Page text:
Two assistant professors at the School of Nursing and Midwifery in Pakistan, Rozina Somani and Saleema Gulzar, have been accepted to prestigious PhD programmes in nursing in Canada and Australia.
Ms Somani and Ms Gulzar completed their bachelor’s and master’s education from the School and currently hold positions as faculty.
As part of her PhD, Ms Somani, who has received a full scholarship from the University of Toronto, will be evaluating a variety of interventions aimed at tackling workplace violence against nurses in the health sector.
During her master’s thesis, she explored this issue by assessing the magnitude of physical and psychological violence against nurses in four hospitals in Karachi. Her cross-sectional study of 458 nurses found that 82 per cent of nurses had experienced some form of bullying or abuse (physical, verbal or sexual).
“Patients have very high expectations of nurses but unfortunately also have a very poor view of the profession. This is one of many reasons why nurses are often mistreated by attendants, patients and even their colleagues. Action needs to be at the level of those managing hospitals and the healthcare system to tackle this issue,” Ms Somani added.
Through her doctorate, Ms Somani will assess the most effective ways to ensure safety and gender equality in healthcare settings. She eventually hopes to advocate for policies that meet targets under goals 5 and 16 of the Sustainable Development Goals on the need for legal frameworks to prevent abuse and to ensure equality in all institutions.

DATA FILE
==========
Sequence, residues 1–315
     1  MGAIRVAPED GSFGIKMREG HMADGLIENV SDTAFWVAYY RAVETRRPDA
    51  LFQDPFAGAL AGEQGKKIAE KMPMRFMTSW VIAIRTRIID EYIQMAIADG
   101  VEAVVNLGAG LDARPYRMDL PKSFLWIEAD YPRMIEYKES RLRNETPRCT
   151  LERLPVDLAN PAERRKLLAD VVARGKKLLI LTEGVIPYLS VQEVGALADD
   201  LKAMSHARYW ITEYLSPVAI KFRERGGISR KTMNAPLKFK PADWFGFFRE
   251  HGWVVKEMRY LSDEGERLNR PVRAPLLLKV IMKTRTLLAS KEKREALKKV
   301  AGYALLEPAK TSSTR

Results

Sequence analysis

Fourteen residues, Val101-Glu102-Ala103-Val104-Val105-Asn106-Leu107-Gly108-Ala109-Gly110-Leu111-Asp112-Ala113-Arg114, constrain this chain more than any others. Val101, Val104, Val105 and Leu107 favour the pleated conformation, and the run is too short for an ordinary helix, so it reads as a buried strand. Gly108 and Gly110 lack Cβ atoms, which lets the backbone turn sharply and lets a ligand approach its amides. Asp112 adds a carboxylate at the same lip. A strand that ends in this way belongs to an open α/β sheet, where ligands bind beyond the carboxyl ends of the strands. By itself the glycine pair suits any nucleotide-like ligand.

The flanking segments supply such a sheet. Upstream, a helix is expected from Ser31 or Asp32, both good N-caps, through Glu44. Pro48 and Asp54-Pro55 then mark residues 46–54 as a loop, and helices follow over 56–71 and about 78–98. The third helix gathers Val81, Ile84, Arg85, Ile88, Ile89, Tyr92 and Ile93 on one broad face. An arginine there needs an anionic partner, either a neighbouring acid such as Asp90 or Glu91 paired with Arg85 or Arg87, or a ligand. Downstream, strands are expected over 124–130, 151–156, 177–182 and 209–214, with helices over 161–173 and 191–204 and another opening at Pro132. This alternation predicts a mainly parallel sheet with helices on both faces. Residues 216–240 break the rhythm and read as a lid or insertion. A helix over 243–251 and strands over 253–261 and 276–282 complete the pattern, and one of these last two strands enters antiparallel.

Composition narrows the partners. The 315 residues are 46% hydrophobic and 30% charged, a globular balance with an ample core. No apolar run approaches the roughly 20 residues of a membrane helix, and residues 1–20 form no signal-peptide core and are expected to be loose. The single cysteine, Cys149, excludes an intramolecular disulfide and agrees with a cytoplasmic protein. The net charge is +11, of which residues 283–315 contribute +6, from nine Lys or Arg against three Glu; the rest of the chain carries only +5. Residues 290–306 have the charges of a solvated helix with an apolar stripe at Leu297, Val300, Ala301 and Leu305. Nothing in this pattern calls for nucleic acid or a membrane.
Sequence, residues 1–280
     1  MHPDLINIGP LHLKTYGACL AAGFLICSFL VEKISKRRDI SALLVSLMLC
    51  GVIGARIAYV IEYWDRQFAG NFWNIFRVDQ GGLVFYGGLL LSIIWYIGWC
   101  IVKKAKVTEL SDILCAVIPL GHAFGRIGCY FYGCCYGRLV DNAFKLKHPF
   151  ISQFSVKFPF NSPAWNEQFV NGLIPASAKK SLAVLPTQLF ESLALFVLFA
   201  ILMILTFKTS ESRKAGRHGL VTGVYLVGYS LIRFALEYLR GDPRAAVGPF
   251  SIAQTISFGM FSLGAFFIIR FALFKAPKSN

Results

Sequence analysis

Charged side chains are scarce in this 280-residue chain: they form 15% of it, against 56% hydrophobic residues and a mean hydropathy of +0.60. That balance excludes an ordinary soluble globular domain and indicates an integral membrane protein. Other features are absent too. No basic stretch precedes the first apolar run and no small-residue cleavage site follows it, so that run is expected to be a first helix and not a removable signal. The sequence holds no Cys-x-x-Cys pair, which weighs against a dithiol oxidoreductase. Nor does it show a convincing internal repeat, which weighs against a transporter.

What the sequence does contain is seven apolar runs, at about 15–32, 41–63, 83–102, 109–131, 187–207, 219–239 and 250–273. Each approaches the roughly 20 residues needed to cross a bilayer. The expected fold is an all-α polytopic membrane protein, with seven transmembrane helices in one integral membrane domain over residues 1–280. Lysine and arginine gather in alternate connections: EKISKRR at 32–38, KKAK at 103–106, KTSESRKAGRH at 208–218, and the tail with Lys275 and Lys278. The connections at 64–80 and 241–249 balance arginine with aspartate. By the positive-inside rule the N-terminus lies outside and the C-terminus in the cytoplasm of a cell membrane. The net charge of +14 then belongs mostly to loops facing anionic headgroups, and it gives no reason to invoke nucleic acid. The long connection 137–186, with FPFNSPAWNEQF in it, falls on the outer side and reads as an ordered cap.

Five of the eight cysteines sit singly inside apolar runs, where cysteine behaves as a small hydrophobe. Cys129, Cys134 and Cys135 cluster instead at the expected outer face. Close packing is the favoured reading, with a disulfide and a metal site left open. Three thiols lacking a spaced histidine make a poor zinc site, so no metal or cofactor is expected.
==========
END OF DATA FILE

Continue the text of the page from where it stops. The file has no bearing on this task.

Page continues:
Ms Gulzar will be pursuing her doctorate at the University of Sydney after receiving a Faculty Development Award, a competitive award which funds higher education initiatives at the School. Her doctorate will be focused on health promotion in schools - a subject that’s been close to her heart ever since she began work as a school nurse and student counselor at a high school in Karachi fifteen years ago.
At the time, Ms Gulzar noticed how many health issues were never addressed as adolescents chose to keep their problems to themselves. In many cases, students and even their parents lacked awareness about common health concerns in the age group. This led to her introducing a curriculum to promote physical, social and mental health among students in order to encourage a healthy lifestyle.
“Health and education share a close connection and schools provide a great platform to spread healthy practices among children, their peers and their families. So far I’ve been able to enact change in a school by advocating for student health in all activities at school and by working with management to ensure that there is always a nurse available at school.
“Through my research I aim to explore the contribution of health education in schools towards building healthy habits in children,” she adds.
Ms Gulzar is grateful to SONAM staff and alumni such as Dr Yasmin Amarsi, Professor Rozina Karamaliani, Farida Allana (late), Dr Rozina Mistry and Laila Gulzar for their guidance and mentorship throughout her career.
Ms Somani appreciated the role played by Professor Rozina Karmaliani, Professor Judith McFarlane, and Farida Pirani in her academic career.